Fig. 2: Generalised stratigraphy

Fig.1: Location map of Cambay basin

Methodology
Crude oil samples (9-10 gms) were extracted with 100 ml dimethyl formamide (DMF) on water bath. The DMF extracts were reextracted with ether and was concentrated after the removal of DMF with distilled water. The extract of metalloporphyrins was purified by column chromatography using neutral alumina. The finely ground cutting/core samples (100-150 gms) were soxhlet extracted with methanol + benzene (1:9 v/v) mixture. The extract was concentrated and metalloporphyrins (MPP) were purified by alumina column chromatography by using sequential elution with 100% toluene, a 20-80% gradient of toluene and chloroform and 100% chloroform. The fraction eluted with 100% chloroform contained MPP as ascertained by UV/ VIS spectrometry.

The mixture of nickel and vanadyl chelated MPP isolated from alumina column was concentrated and were applied to silica gel (100-200 mesh) column. Elution with hexane/toluene (1:1v/v) separated nickel complexes whereas elution with mixture of toluene/chloroform (1:1 v/v) isolated vanadyl complexes. Perylenes were fractionated from the oils and bitumen on silica gel column by using toluene as mobile phase (Louda and Baker, 1984). HPLC (Waters 840 HPLC) was used to isolate different structural isomers of MPP. The solvent system acetonitrile + methanol (10:90v/ v) was used on reverse phase C18 column (Waters 5, 150 mm, Synergy RPC18 column) with a flow rate of 1.5ml/ min. The detection of nickel porphyrin isomers was done at a fixed wavelength detector set at 546mm. Structural isomers of nickel porphyrins were identified by using commercially available standards. Thin layer chromatographic (TLC) analyses of demetallated free base petroporphyrins were carried out on Silica gel G plates using dichloromethane: hexane (1:2) as mobile phase.

Results and discussion


The geochemical data and the distribution of perylene and porphyrins in oils and sediments are listed in tables-1 and 2 and the distribution pattern of ETIO (C23C34) and DPEP series of porphyrins of oils and sediments are given in table-3.

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6th International Conference & Exposition on Petroleum Geophysics Kolkata 2006

Table 1 : Geochemical data and concentration of metalloporphyrins in oils


Well No. LN-A LN-B KL-A JT-A JT-B SK-A SK-B SD-A VJ-A NW-A NW-B NW-C BL-A BL-B SN-A SN-B SB-A SB-B JH-A KH-A NK-A BE-A Formation Depth (m) 1606-09 968-82 1558-70 1466-69 1409-22 2042-45 2034-43 1558 1303-30 1985-99 1881 1426-35 1039-59 1050-65 983-1027 868-985 1582-86 1267-73 1351-59 1408-22 1035.5 921-35 Density (gm/l) 0.9120 0.9655 0.8658 0.8047 08243 0.8265 0.8309 0.9355 0.9281 0.8625 0.8608 0.8841 0.9629 0.9542 0.9427 0.9387 0.9213 0.8210 0.8810 0.8711 0.9688 0.9755 Asphltene % 1.34 3.68 1.02 0.17 0.16 0.34 0.23 2.48 7.18 0.30 0.38 8.09 2.52 2.34 2.52 1.89 0.14 1.06 1.80 2.46 4.93 5.85 Sulphu r % 0.115 0.094 0.096 0.132 0.540 0.174 0.125 0.238 0.096 0.093 0.174 0.157 0.610 0.047 0.099 0.165 Nip g/g 0.18 1.26 0.60 1.40 12.5 5.60 0.24 8.00 2.14 1.80 2.6 25.0 18.5 20.7 15.0 0.30 5.60 2.00 6.31 1.42 3.67 Nickel g/g 12.3 33.0 18.0 6.0 14.0 18.0 4.5 92.0 128 28.0 5.10 36.5 128 86.0 133 102 10.0 8.00 22.0 24.0 10.0 10.4 Vanadiu m g/g 0.5 2.5 0.72 0 0 0 0.05 0.67 0.16 0.03 0.04 0.40 1.70 1.28 0.50 0.85 0.18 0 0.75 0.04 0.79 1.20 V/V+Ni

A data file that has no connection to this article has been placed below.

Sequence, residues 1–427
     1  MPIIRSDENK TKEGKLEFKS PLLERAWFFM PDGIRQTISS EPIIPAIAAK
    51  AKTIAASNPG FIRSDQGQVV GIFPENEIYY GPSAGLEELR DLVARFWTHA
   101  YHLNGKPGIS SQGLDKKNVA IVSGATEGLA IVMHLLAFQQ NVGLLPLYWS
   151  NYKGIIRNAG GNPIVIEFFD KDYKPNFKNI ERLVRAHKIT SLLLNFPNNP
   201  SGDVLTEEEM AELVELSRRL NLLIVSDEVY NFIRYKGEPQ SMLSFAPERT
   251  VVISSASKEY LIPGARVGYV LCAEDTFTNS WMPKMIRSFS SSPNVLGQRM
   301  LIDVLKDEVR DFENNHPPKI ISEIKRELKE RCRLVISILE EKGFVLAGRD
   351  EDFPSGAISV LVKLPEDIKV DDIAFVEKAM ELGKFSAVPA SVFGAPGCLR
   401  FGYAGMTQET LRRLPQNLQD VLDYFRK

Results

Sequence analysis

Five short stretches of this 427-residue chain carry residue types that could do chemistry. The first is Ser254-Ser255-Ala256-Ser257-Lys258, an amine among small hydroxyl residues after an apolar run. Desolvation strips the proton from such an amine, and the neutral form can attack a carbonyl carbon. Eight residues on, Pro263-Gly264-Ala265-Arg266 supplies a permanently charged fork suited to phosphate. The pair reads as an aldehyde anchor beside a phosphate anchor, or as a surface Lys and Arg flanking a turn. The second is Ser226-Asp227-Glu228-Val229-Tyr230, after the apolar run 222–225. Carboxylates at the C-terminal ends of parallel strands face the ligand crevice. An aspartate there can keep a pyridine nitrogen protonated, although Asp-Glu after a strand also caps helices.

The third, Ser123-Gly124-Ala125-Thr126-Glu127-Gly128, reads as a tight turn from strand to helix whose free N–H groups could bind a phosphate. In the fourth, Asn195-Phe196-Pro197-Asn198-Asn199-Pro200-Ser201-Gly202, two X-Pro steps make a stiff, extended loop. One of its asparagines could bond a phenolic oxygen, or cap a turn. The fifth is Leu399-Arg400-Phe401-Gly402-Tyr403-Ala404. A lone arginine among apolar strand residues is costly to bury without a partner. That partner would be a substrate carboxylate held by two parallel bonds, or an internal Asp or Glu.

Olpad Kalol Kalol L.Kadi U.Kadi CMBS CMBS Kalol Kalol Olpad CMBS Kalol Kalol Kalol Kalol Kalol Kadi Kalol Kalol Olpad Kalol Kalol

0.038 0.071 0.039 0 0 0 0.011 0.007 0.001 0.001 0.008 0.011 0.013 0.014 0.004 0.008 0.016 0 0.032 0.011 0.073 0.01

CMBS-Cambay Shale; L. Kadi-Lower Kadi; U.Kadi-Upper Kadi; Nip-Nickel porphyrin

Perylenes and porphyrins as indicators of source organics


Terrestrial source input is indicated by low concentration of petroporphyrins, generally less than 100 ppm (Lewan and Maynard, 1982). These are predominantly nickel complexed and are associated with low sulphur content (HajiIbrahim et al. 1981). Presence of perylene and dominance of nickel porphyrin as compared to vanadyl porphyrin in both oils and sediments indicate the terrestrial source input in the studied samples of Ahmedabad Mehsana block (Table-1 & 2). Yang & Cheng (1988) also reported presence of perylene in crude oils and sediments from continental Salt Lake in China, derived from terrigenous organisms.

in lacustrine/brackish environment with high pH and Eh (suboxic) conditions. The oils accumulated in the margin areas at Sanand, Jhalora, Kadi, Balol, Lanwa, Santhal and Indrora and also part of Jotana and Nawagam fields originated from source rock equivalent of SR-7 in KL-B at 2670-2710m. The enrichment of Vop and absence of Nip in SR-8/9 (2845-2990m.) of KL-C indicates more anoxic influence, which is in contrast to the freshwater depositional environment. The predominance of ETIO Nip in Cambay Shale further confirms the diagenesis of source organics in a sub-oxic to oxic conditions (Barwise & Roberts 1984).

Oil-to-oil correlation